Owen Farrell’s problematic tackling technique and the apparent unwillingness of rugby authorities to take him to task over his shoulder charges are in the spotlight once again.
It is the latest in a long line of questionable decision around Farrell’s tackling.
The contact was referred to referee Craig Maxwell-Keys who ruled after viewing the TMO footage that Farrell had started low and risen up, giving rise to “mitigating circumstances”.
Farrell’s got away with one here. pic.twitter.com/fugk4UNctf
— Robert Rees (@Rreesrugby) January 4, 2020
To make matters worse, Worcester lock Anton Bresler was sin-binned just minutes later for an apparent dangerous clear-out on Mako Vunipola. The Saracens prop was floored from the incident and Bresler was given his marching orders.
Many online were left questioning how Farrell appeared to yet again evade ay significant sanction, despite his shoulder making contact with the head and neck area of a player and with no obvious wrapping of the arms.
Rugby legal expert and concussion advocate Tim O’Connor tweeted: “And then you notice that what you see by the tackled player’s head is not a royal-blue hoarding but the black jersey on Farrell’s shoulder.”
Maybe it will go down in folklore as 'Farrell'. The act of smashing another person in the face while using the shoulder yet being invisible to officials.
— mark thomas (@supertaf99) January 4, 2020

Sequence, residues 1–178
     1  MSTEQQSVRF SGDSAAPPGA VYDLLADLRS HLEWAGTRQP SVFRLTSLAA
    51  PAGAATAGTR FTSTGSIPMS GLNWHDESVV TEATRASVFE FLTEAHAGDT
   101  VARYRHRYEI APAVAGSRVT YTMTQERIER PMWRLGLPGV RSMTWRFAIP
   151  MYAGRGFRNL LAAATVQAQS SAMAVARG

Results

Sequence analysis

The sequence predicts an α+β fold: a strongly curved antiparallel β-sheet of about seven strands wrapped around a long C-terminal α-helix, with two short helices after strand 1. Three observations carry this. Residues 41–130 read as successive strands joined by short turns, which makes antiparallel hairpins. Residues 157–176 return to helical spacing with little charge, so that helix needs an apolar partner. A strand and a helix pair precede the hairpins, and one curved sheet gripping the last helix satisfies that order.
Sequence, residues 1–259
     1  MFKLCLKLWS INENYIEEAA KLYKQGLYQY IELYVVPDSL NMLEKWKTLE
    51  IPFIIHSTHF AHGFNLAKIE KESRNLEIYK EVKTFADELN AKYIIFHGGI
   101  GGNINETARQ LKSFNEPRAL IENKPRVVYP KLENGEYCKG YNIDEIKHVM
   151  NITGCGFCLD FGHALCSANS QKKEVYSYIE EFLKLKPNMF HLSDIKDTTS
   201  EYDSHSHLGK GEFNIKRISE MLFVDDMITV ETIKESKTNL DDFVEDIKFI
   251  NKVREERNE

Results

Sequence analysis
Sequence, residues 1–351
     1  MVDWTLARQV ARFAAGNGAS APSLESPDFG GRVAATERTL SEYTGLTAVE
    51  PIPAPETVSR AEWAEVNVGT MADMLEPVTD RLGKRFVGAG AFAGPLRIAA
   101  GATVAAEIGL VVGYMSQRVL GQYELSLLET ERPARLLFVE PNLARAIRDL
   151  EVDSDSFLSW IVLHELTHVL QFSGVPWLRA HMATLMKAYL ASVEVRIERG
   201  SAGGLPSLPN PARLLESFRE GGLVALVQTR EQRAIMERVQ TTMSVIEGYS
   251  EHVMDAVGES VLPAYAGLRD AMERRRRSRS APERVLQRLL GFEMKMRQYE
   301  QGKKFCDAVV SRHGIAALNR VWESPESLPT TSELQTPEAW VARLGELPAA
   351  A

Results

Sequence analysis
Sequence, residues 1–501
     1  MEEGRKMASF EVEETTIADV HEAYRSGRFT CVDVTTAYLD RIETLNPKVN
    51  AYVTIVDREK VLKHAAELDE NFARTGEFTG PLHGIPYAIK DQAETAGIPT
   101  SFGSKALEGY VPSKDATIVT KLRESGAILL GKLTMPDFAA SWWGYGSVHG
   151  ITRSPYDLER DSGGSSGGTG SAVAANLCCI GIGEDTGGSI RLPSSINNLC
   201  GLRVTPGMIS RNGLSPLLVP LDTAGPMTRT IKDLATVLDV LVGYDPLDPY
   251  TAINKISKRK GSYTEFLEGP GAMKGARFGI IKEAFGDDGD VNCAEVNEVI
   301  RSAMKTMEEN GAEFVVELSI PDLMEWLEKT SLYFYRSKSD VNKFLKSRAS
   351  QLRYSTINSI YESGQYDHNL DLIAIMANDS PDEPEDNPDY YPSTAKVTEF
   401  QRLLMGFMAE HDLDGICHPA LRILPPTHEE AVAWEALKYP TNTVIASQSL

Others however defended the decision not to card the England star.
When you see the dominant tackles from Owen Farrell, with his @Saracens team 50-5 up, you understand why Eddie Jones picks him.
— Hugh Godwin (@hughgodwin_) January 4, 2020
Farrell’s tackling was far from Saracens DoR Mark McCall mind after the game. McCall admitted the setback at Sandy Park the previous week had hurt the club as they continue their desperate battle against relegation.
“When we looked at the Exeter performance properly, it was really frustrating to see our lack of intensity at crucial points,” McCall said.
“We were outworked by Exeter so fair play to them for that, but it’s something we don’t want to happen.
“We want to play with intensity and properly work hard and as we saw here that gives you a lot of good things in rugby. We enjoyed it and we want to enjoy our rugby.
“We did that in the first 30 minutes and got a lot of rewards. The second half was very disjointed because of all the injuries.”
RugbyPass/additional reporting PA
One of Welsh Rugby’s biggest characters on and off the pitch, RugbyPass travelled to Brecon to see how life after rugby is treating Andy Powell.
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